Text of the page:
Hospital visitation bill heads to Indiana governor


INDIANAPOLIS — A bill headed to the governor’s desk addresses a heartbreaking result of the COVID-19 pandemic.

Many hoosiers were kept away from loved ones in hospitals or long-term care facilities in the name of safety.

However, some believe there were patients who suffered more because of visitation restrictions.

Vickie Ayres said her mother, Carolyn Augst was one of them.

“She had a wonderful sense of humor, she loved her children and her grandchildren,” said Ayres.

The COVID-19 pandemic didn’t allow Carolyn to be with her family. Her long-term care facility didn’t accept any visitors.

“My mom would call and cry and there was nothing I could do,” said Ayres.

Her facility wouldn’t even let her visit through the window.

“I believe that the isolation contributed to her decline and her death,” explained Ayres.

Though Carolyn is no longer here, Ayres wanted to advocate for SB 202 in her honor.

“It forces all facilities to have and implement an essential family caregivers program,” said Ayres.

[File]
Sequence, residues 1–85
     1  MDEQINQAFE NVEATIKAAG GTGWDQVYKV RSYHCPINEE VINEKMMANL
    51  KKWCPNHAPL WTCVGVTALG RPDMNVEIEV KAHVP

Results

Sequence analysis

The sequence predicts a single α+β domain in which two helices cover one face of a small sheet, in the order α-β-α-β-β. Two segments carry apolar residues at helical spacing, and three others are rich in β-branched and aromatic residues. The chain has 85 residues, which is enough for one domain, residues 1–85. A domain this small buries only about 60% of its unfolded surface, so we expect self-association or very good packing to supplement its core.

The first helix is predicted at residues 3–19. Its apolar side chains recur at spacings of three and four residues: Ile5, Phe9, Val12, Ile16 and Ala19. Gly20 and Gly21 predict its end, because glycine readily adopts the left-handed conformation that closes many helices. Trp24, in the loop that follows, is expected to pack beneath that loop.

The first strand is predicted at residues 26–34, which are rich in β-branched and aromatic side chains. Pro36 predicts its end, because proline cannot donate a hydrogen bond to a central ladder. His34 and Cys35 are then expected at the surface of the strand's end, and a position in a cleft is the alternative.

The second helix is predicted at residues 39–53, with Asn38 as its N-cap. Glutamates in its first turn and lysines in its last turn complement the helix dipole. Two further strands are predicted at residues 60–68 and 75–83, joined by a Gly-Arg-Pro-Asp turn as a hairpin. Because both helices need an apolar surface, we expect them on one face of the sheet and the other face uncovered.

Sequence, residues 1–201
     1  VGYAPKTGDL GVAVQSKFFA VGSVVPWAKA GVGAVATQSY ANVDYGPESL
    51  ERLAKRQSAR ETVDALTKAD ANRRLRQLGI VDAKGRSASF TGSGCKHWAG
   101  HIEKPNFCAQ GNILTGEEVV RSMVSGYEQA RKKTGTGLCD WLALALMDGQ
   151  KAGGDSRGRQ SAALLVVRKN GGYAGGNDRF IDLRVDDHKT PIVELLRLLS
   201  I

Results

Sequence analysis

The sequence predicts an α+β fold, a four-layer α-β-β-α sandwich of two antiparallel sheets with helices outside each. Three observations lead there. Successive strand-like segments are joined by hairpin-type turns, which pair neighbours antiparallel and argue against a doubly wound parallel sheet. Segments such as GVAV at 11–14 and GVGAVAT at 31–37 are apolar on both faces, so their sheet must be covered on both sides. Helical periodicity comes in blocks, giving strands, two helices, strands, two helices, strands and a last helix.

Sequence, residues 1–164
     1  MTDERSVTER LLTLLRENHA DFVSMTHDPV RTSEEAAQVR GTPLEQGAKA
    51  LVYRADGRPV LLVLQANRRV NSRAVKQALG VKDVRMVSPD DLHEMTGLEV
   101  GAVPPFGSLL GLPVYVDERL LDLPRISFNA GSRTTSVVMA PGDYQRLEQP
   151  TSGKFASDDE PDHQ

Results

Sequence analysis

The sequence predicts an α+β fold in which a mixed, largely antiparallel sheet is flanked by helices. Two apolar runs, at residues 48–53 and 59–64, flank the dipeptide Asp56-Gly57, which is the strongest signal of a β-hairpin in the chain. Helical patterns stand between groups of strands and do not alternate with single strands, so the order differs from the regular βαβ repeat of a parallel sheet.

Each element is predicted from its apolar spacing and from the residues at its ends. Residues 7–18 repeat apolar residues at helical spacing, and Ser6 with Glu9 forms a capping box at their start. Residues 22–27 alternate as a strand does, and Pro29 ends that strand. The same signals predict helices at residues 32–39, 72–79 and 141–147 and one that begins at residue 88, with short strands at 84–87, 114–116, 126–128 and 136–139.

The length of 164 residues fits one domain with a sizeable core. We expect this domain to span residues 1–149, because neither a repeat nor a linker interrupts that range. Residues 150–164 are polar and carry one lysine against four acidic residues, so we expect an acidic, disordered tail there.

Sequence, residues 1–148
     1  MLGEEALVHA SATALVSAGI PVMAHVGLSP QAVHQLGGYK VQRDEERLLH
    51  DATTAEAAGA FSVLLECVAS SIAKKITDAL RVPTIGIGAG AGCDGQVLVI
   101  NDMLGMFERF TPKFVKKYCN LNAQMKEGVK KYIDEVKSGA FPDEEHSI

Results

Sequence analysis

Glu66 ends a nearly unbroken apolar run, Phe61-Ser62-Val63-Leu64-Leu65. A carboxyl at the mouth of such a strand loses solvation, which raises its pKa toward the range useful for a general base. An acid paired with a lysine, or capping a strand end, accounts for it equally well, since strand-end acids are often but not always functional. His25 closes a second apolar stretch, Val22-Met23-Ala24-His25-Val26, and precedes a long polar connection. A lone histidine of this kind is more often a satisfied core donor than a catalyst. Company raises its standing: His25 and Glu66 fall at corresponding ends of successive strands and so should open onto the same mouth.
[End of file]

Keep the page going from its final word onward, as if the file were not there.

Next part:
As long as certain people follow set safety guidelines, hospitals and long-term care facilities would no longer be able to have blanket “no visitation” policies under this bill.

“Locking people out of longterm care facilities or hospitals was truly detrimental to the patient,” said SB 202 author Sen. Linda Rogers.

Her mother was also in a nursing home during the pandemic.

“She screamed out at me, you found me! You found me! I’ve been dropped off at this place, I don’t know where I am and I’m so glad that you’re here please don’t ever leave me again,” said Sen. Rogers.

So, she worked with nursing home and hospital associations to get this bill the support it needed to pass.

“Striking that balance is really key and that’s what I think was done here,” said Indiana Hospital Association President Brian Tabor.

Though it’s difficult for her to talk about, Ayres said she is glad she spoke in favor of this important legislation.

“We miss her,” said Ayres. “I think she would be proud of me.”

The bill is headed to the governor next.

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